Taking Exception to the New Corporate Discharge Exceptions

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This article critiques the new corporate discharge exceptions enacted as part of the 2005 bankruptcy amendments that preclude a corporate debtor’s Chapter 11 plan confirmation from discharging certain fraud debts. This provision misperceives the fundamental nature of the Chapter 11 corporate discharge, erroneously equating it with bankruptcy’s “fresh start” for the “honest but unfortunate” individual debtor. The Chapter 11 discharge, however, is simply a (mundane) finality mechanism for ensuring the integrity of creditors’ relative distribution rights and ensuring the comprehensiveness of a Chapter 11 restructuring. The new corporate discharge exceptions, therefore, simply afford fraud creditors an oblique distribution priority and one that can actually threaten the ability of a viable entity to effectively restructure in the face of significant fraud liability. Moreover, sophisticated counsel will be able to entirely moot the applicability of the new corporate discharge provisions by effectuating a reorganization through an asset sale structure, in lieu of a traditional plan structure. Nonetheless, the very existence of that provision will perpetuate the misguided reflex to equate bankruptcy’s individual and corporate discharge provisions.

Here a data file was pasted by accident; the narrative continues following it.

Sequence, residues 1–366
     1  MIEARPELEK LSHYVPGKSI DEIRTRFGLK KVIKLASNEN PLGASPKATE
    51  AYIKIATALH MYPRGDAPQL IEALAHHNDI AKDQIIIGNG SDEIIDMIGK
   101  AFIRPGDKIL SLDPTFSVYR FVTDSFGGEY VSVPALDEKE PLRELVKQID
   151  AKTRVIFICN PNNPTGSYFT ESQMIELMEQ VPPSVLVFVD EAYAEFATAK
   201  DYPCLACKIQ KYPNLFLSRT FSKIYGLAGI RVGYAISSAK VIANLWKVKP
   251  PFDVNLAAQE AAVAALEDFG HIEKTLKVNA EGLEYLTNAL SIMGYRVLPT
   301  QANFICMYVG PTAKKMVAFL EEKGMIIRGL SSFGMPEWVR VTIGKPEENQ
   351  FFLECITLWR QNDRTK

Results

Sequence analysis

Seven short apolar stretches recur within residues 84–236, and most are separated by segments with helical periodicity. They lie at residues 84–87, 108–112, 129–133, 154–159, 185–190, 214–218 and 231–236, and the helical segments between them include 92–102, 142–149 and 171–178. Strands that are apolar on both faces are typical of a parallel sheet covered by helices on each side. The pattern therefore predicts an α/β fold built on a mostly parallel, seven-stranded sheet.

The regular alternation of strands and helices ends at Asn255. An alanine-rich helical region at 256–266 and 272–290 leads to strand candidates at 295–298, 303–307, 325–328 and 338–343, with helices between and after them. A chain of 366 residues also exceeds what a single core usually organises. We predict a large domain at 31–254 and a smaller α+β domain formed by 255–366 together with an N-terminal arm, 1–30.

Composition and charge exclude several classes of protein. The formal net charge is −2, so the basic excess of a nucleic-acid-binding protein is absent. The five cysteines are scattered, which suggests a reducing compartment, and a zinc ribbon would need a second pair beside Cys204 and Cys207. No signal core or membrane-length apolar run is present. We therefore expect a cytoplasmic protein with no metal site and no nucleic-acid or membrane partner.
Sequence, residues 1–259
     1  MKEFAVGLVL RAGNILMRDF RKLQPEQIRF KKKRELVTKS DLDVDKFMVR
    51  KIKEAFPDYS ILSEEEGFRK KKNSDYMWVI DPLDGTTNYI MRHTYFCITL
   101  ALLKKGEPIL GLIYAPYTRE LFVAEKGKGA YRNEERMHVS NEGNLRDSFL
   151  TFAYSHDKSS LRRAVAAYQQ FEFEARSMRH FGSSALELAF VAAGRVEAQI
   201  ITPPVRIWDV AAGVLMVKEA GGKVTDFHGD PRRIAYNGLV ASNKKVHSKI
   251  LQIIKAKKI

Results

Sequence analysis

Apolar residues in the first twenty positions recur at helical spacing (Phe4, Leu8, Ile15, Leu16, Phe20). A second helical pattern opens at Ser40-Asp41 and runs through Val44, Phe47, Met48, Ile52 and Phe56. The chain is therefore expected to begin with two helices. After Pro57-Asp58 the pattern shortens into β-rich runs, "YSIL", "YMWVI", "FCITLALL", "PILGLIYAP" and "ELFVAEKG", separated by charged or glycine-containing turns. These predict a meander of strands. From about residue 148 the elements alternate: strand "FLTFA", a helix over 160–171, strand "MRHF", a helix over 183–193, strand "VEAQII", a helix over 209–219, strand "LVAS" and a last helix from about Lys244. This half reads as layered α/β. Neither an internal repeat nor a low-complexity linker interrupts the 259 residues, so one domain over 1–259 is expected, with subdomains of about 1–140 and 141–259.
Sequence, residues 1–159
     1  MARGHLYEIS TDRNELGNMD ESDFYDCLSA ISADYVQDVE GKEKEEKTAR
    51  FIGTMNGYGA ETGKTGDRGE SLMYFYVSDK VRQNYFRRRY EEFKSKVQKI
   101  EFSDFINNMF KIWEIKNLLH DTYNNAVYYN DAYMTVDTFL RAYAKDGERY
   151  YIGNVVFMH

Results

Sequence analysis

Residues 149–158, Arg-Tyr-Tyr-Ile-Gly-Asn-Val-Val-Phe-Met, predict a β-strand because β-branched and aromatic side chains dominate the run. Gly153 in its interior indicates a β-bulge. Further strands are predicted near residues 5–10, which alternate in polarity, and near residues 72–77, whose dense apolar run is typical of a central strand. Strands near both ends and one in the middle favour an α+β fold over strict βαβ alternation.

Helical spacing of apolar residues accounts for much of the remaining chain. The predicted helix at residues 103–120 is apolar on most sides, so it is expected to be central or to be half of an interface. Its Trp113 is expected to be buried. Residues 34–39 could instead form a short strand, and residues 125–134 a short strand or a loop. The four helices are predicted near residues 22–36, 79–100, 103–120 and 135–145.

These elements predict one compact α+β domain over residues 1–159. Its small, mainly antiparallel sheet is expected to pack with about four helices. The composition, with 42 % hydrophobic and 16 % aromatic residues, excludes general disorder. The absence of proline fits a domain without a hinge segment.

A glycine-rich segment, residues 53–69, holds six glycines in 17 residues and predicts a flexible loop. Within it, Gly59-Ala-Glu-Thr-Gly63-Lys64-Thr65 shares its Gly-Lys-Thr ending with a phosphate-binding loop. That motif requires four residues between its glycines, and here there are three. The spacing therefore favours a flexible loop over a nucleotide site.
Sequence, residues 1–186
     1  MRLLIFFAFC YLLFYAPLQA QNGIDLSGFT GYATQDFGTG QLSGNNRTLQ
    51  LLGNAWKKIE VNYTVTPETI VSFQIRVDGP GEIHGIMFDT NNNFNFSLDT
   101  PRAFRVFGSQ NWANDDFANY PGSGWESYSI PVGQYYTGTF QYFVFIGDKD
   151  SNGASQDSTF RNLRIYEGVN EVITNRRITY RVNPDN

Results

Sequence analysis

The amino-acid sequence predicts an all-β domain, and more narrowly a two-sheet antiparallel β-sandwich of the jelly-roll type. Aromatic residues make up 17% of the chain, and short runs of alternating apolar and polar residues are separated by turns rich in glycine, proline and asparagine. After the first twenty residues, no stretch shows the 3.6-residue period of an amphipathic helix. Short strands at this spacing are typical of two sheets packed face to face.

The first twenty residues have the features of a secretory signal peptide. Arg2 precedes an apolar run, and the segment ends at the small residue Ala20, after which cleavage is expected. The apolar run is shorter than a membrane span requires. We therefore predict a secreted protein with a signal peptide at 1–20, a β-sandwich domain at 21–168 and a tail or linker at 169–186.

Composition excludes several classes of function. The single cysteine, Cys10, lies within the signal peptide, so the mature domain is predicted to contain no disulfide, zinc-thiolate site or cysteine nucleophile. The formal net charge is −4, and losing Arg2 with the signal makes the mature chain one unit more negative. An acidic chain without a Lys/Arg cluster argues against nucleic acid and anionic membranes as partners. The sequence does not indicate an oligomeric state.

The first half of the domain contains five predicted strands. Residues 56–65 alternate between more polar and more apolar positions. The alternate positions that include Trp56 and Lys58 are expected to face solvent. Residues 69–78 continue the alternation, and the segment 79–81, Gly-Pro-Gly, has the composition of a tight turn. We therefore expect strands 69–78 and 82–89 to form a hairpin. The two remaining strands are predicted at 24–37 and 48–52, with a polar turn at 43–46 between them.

Original languageEnglish (US)
Pages (from-to)757-75
JournalAmerican Bankruptcy Institute Law Review
StatePublished - 2005


  • bankruptcy discharge
  • discharge exceptions
  • fresh start
  • creditor equality
  • corporate reorganization
  • corporate punishment
  • Chapter 11
  • Fraud


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